Those of us who were fans of ABC's tragically canceled Happy Endings  have something to look forward to this Fall: NBC is adding new series Marry Me to its schedule on Oct. 14, a sitcom from Happy Endings creator David Caspe, and it features one of its stars, Casey Wilson. Wilson stars opposite Ken Marino as a couple trying to get their relationship and engagement on track. As you'd hope, Marry Me has a few things in common with the dearly departed ABC series, and it's more than just Wilson's face. I've watched the delightful pilot for Marry Me and can tell you the distinct ways it will remind you of Happy Endings — and one way it won't.
Source: ABC 
When you meet main character Annie . . .
You'll think she's a lot like Penny.
Wilson's character Annie is not Penny, her character on Happy Endings, but they are clearly cut from the same cloth. Wait until you hear her epic rant to her boyfriend Jake (Marino) about why they're not engaged yet, and you'll be reminded instantly of perennially single Penny Hartz.
Though Annie seems to be a bit more down-to-earth than Penny. So far.
When you meet Annie's gay dads . . .
It's like double the Max from Happy Endings.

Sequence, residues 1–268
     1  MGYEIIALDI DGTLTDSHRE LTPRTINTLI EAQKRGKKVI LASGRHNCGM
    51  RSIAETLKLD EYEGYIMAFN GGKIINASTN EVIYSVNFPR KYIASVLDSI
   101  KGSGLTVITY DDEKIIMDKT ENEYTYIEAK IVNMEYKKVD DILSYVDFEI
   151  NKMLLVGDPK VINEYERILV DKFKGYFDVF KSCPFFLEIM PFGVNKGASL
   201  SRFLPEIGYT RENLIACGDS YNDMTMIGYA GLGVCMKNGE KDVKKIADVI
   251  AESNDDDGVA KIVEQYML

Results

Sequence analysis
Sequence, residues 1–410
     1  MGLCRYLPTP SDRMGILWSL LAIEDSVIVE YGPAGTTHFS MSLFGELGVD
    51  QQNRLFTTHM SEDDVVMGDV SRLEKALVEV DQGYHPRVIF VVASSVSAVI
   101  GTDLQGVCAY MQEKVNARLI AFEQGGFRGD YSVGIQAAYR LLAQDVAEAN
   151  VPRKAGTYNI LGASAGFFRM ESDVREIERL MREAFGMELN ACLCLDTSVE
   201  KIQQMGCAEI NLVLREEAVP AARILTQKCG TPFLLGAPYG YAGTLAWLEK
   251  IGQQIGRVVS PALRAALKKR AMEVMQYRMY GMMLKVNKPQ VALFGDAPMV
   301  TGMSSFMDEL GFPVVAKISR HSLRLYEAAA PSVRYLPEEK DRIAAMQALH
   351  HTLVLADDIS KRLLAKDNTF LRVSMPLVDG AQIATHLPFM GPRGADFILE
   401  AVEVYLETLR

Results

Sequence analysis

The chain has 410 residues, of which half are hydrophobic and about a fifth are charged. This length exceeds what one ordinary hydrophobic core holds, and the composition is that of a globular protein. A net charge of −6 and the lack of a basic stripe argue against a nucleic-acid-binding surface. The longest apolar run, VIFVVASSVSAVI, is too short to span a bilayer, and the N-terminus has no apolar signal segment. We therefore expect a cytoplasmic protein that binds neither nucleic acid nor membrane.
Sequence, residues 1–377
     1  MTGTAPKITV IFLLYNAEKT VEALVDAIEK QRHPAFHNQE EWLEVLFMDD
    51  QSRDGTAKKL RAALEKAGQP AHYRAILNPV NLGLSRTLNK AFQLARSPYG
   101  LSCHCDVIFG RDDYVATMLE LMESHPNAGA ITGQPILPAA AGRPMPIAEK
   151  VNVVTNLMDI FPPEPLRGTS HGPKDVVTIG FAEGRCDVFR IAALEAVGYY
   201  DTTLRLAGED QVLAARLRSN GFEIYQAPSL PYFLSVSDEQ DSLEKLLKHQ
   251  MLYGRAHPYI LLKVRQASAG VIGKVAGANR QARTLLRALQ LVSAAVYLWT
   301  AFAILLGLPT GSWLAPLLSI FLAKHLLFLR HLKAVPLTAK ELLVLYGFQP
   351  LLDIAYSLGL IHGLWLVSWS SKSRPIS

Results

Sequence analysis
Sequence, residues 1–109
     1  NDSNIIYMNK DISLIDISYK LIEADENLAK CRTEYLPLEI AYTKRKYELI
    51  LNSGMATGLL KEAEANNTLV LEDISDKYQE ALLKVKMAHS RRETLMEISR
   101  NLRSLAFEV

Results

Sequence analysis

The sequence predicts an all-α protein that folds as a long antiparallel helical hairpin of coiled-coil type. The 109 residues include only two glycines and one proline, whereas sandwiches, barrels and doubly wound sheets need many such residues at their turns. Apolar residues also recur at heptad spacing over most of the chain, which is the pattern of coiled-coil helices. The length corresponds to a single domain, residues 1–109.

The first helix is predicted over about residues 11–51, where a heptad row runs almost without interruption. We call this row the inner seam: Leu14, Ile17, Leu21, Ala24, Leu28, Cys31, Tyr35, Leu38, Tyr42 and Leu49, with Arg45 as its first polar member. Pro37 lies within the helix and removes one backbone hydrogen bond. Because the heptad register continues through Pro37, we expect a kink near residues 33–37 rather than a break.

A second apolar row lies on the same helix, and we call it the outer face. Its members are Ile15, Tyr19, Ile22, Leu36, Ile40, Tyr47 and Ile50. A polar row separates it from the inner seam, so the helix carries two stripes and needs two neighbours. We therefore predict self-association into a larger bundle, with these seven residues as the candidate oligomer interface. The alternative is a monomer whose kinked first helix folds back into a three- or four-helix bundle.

Annie's parents are Kevin and Kevin (Tim Meadows and Dan Bucatinsky), who, in the pilot, hilariously have fights about whose daughter she really is. There's the obvious gay character link, but what Max and the two Kevins have in common is that they're Annie's rock, the very definition of supporting characters. Kevin and Kevin are sort of the new-school versions of Max all rolled into one, but (much) more mature. Max was always there for Penny as her BFF, even if he didn't always act as stereotypically flamboyant as Penny hoped. Kevin and Kevin also seem like their characters will defy gay stereotypes to be two men who happen to be gay but aren't defined by it.
When you meet all the friends on Marry Me . . .
You won't be able to resist thinking of the gang from Happy Endings.
These ensembles are different but not quite at first glance; there's a couple who acts as the foundation, a scruffy, single male BFF, and goofy friends galore. Plus, the humor from Happy Endings — edgy and pop-culture-filled — is intact. Oh and they also live in a cool city with unrealistically rad apartments.
Hopefully there will be lines like this.
You'll think Annie and Jake might be the new Brad and Jane.
But from the beginning.
The focus on Annie and Jake's relationship instead of the ensemble means this could be like seeing a cool couple like Brad and Jane — who had figured everything out about each other by the time we met them in Happy Endings — develop from the near-beginning. There's no shortage of joke fodder in two characters who are trying to solidify their relationship — and fumbling the whole way.
But it's different from Happy Endings in one big way.
This is a romantic comedy, and it's not just more about a relationship, it's more heartfelt and sentimental. Happy Endings was so good, but it was more of a goofy showcase for its talented performers. In Marry Me, the relationship at the center is being taken seriously, but we know the laughs will be as big as they were on Happy Endings.